The pandemic’s impact on the bakery market is seeing sweeps of change never before experienced – presenting both a challenge and an opportunity. The need for solace during the peak of the crisis may have died down, but it is still very much there – evidenced by rising global demand for indulgent bakery treats.
Bread is key for comfort with gluten making a small comeback. The rise of the loaf reached unexpected highs in 2020, with the home baking trend causing ingredients like flour to be in massive demand – to the point where supermarket shelves were often stripped bare. Banana bread, in particular, went viral on social media last year.
On the other side of the coin, though, consumers are now more aware of their health and particularly, the effect of what they consume will have on it, accelerating the demand for immunity boosting products and ingredients.
Bridging the gap
According to the National Peanut Board (NPB) – which works to improve the economic condition of US peanut farmers through promotion and ground-breaking research – peanuts are perfectly poised to help bridge that gap.
Packing more protein than any other nut and touted as America’s most popular nut, peanuts can make the exotic familiar and the familiar exotic in a range of applications from snacks to baked goods, desserts and even beverages.
The humble nut ticks a number of on trend boxes:
Sustainable agriculture: The NPB’s 7,000-strong peanut farming community takes pride in growing a nutritious and affordable food, while responsibly stewarding the land to leave a sustainable legacy for future generations.
Health and wellness: According to the NPB, there is a wealth of evidenced-based resource that peanuts support healthy eating and good nutrition for people of all ages. The Board also works with multiple partners to prevent and manage food allergies. To that end, since 2001, farmers through NPB have invested more than $35m in research, outreach and education programmes.
Nutrition: Peanuts are bang on the plant-based trend, while packing 30 essential nutrients – like Vitamin E, magnesium, folate, copper and phosphorus – and more protein than any other nut (7g per serving). They are also a good source of fibre and good fats, with 12g of the 14g total fat being unsaturated, which links them to a reduced risk of heart disease.
As an ingredient in therapeutic meals, peanut butter is saving thousands of lives around the world. In fact, it is the most requested item by food banks like the Federal Emergency Management Agency (FEMA) and Feeding America. More than 32,000 jars of peanut butter were donated to food banks by the National Peanut Board in 2020 in response to the increased need.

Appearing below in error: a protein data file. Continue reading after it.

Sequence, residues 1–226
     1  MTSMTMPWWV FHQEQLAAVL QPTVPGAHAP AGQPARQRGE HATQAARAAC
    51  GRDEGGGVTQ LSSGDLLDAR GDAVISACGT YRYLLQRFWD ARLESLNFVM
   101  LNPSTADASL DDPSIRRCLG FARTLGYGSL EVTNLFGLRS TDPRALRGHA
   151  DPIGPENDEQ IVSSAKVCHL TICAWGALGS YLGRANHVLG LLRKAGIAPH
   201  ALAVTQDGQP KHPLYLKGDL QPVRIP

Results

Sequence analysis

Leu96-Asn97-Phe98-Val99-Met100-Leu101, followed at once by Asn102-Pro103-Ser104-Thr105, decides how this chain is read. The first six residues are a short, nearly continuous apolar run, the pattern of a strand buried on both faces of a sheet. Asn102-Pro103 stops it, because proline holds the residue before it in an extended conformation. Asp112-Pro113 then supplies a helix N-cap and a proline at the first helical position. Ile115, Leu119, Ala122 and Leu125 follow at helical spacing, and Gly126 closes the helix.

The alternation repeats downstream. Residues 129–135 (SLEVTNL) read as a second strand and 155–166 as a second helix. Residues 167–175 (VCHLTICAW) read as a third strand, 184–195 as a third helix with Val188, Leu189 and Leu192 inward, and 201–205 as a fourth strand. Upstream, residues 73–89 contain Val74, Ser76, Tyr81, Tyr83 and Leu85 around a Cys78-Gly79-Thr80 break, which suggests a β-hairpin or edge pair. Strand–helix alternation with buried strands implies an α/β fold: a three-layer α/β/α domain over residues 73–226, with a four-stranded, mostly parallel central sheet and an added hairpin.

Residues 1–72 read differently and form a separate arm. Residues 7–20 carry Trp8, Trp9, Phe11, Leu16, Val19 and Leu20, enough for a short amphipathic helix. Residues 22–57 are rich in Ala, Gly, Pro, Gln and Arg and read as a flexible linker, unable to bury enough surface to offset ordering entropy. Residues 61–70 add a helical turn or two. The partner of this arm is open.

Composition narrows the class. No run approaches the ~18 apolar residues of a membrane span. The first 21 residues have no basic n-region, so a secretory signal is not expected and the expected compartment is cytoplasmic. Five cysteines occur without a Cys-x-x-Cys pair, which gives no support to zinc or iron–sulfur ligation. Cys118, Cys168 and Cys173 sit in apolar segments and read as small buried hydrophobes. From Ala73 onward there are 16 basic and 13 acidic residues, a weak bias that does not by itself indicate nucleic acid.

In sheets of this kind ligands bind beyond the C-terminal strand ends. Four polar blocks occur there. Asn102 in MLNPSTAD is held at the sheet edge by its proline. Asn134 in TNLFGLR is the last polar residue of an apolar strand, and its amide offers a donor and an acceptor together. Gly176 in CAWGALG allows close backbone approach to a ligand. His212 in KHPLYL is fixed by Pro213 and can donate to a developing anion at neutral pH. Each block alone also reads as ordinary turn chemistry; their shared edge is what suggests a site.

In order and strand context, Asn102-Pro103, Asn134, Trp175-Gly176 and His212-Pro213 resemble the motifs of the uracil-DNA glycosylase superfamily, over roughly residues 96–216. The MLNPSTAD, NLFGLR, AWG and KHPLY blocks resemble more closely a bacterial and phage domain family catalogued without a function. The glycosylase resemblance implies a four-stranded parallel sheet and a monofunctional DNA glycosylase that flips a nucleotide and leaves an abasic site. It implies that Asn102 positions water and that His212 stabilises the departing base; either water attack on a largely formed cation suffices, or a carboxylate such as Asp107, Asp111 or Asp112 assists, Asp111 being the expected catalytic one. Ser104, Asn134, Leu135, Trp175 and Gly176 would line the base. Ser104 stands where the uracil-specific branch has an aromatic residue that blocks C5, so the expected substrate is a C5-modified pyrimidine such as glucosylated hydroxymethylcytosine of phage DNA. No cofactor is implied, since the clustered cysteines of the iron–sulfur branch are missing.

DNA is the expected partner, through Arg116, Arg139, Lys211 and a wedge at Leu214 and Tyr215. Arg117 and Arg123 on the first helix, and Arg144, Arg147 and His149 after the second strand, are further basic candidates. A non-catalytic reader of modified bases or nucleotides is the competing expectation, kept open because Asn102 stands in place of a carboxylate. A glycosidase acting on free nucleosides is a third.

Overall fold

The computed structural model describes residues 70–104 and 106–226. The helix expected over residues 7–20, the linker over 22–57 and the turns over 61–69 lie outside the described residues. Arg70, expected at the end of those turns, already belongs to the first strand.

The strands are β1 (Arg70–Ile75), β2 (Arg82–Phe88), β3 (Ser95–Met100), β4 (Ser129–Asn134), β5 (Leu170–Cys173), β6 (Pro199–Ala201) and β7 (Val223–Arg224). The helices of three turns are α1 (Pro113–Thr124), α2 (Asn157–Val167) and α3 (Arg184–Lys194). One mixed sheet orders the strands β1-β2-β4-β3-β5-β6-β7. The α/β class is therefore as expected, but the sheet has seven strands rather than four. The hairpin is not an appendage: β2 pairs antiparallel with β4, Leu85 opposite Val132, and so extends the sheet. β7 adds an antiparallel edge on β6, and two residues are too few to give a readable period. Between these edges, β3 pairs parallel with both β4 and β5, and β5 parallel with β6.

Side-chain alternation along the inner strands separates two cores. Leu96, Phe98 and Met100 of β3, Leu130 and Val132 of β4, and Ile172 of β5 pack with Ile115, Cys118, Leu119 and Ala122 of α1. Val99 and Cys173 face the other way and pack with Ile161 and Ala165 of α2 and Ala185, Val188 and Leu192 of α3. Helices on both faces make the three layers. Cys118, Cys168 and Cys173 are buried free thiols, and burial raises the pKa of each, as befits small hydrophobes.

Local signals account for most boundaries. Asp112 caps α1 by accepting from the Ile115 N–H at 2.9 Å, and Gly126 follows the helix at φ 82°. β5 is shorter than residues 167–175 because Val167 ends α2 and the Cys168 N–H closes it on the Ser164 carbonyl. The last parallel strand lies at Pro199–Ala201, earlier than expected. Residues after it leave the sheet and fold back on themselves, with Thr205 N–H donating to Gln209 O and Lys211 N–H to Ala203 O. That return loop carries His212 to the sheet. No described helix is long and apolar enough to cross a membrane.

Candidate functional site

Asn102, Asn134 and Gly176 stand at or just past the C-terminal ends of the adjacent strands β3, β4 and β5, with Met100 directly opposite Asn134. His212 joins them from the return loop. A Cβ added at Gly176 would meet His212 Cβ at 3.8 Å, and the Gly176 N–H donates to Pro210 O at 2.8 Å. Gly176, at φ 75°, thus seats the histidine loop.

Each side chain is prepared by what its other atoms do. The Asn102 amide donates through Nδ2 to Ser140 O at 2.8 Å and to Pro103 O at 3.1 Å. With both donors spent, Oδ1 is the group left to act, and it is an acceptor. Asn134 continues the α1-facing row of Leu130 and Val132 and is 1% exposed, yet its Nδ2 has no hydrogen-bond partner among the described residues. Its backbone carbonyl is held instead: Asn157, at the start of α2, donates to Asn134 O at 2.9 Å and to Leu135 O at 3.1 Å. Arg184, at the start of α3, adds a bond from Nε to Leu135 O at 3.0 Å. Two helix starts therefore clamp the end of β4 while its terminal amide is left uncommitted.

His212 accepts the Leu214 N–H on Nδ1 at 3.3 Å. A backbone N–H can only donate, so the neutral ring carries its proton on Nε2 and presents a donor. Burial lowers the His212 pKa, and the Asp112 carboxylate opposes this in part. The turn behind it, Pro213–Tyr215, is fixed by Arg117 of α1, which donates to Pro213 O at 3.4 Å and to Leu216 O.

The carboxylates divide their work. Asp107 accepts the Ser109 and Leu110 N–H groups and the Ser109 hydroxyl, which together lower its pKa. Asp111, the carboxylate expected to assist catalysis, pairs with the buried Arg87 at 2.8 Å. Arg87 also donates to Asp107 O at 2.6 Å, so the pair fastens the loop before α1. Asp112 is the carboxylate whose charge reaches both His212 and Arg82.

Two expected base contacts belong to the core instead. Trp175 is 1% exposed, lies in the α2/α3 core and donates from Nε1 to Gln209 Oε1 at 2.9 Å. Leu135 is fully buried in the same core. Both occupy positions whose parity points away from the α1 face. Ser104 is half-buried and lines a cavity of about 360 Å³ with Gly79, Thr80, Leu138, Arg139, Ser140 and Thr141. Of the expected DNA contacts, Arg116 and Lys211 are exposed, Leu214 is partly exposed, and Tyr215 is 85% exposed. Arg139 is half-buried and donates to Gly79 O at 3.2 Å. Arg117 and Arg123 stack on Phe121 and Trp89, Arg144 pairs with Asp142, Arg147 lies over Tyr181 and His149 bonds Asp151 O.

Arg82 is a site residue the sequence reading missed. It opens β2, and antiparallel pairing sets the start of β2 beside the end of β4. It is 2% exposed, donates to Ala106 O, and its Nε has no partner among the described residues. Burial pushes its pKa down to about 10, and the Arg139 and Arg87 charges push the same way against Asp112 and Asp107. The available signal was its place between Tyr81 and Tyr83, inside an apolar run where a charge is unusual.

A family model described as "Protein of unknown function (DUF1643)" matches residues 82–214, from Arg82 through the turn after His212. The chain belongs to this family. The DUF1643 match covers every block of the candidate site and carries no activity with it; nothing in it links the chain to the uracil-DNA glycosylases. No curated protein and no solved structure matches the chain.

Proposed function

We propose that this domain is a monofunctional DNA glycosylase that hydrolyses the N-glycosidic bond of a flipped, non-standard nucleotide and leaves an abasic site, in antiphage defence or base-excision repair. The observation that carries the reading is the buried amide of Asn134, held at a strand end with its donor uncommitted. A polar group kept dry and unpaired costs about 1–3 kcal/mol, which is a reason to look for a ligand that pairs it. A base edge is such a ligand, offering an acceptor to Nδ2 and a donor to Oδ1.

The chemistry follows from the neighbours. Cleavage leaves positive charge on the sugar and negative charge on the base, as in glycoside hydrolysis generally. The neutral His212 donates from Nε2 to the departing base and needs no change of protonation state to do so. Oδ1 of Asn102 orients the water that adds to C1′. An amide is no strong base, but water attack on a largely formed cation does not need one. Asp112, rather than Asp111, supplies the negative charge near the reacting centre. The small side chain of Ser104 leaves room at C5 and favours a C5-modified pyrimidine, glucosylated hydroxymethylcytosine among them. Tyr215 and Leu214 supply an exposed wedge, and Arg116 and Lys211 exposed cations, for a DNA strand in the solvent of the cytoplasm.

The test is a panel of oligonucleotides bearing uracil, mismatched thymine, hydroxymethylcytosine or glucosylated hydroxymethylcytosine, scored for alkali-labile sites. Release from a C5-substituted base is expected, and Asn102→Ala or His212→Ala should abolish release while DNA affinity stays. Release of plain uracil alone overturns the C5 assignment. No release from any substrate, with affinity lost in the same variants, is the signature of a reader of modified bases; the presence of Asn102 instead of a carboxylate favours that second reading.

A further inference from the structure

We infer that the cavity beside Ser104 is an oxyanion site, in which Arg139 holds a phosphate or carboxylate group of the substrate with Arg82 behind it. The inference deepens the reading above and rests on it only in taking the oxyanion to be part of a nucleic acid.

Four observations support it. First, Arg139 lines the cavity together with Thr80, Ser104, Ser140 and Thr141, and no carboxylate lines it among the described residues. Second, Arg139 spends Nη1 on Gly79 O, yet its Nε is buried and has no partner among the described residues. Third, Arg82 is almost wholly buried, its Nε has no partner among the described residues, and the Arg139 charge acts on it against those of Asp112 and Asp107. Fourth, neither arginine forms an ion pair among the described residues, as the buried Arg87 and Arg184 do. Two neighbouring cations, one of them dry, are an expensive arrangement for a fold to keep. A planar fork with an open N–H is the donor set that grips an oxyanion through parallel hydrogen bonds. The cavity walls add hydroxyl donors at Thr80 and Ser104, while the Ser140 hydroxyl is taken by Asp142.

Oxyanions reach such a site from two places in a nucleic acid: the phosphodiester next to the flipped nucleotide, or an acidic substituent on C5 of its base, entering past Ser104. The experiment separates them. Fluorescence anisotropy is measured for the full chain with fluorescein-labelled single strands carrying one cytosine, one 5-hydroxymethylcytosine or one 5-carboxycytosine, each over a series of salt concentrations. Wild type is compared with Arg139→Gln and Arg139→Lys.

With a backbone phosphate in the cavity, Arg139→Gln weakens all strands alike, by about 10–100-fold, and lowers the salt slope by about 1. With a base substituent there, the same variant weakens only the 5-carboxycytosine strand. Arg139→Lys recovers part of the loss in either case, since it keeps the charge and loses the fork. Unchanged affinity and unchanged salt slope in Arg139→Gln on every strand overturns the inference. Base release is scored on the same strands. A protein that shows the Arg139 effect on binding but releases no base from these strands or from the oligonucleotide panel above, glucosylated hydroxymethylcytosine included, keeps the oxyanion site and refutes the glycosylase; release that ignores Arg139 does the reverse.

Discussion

The retro PB&J sandwich swooped in as a source of nutrition and convenience for many families, particularly for those 20+ million children who lost out of reliable, low or no-cost meals when schools closed their doors to in-person classes, according to the School Nutrition Association. While school nutrition professionals rallied to the challenge, PB&J sandwiches were often the solution. They keep well in ambient situations, are energy-dense so the satiety index is high, keeping the consumer feeling full for longer, and let’s face it, it’s a taste that kids love.
And it wasn’t only kids in need that fell back on the old classic. Conversations on social media about peanut butter increased by 95% between 22 March-21 April 2020, compared to the same period in 2019. Celebs, too, maintained the dialogue, like Food Network celeb chef Ina Garten, who said she and husband Jeffrey finally realised what all the fuss was.
“I don't think I’d ever had a peanut butter and jelly sandwich. I mean, my mother never made them. We were just like, this is great,” said Garten.
The NPB contends that US peanut farmers are ‘the most efficient in the world’, thanks to its commitment to funding production research and innovation. From retail to foodservice, it continually motivates to find new ways to creatively use peanuts – try mixing it up and grilling your PB&J – and notes that hundreds of new products with peanuts are launched every year.
According to Mintel’s Global new Product Database, snacks, obviously, are consistently the most active category for new peanut products, but other categories are also innovating – from the bakery aisle to baby foods and even savoury items.
All hail the humble peanut.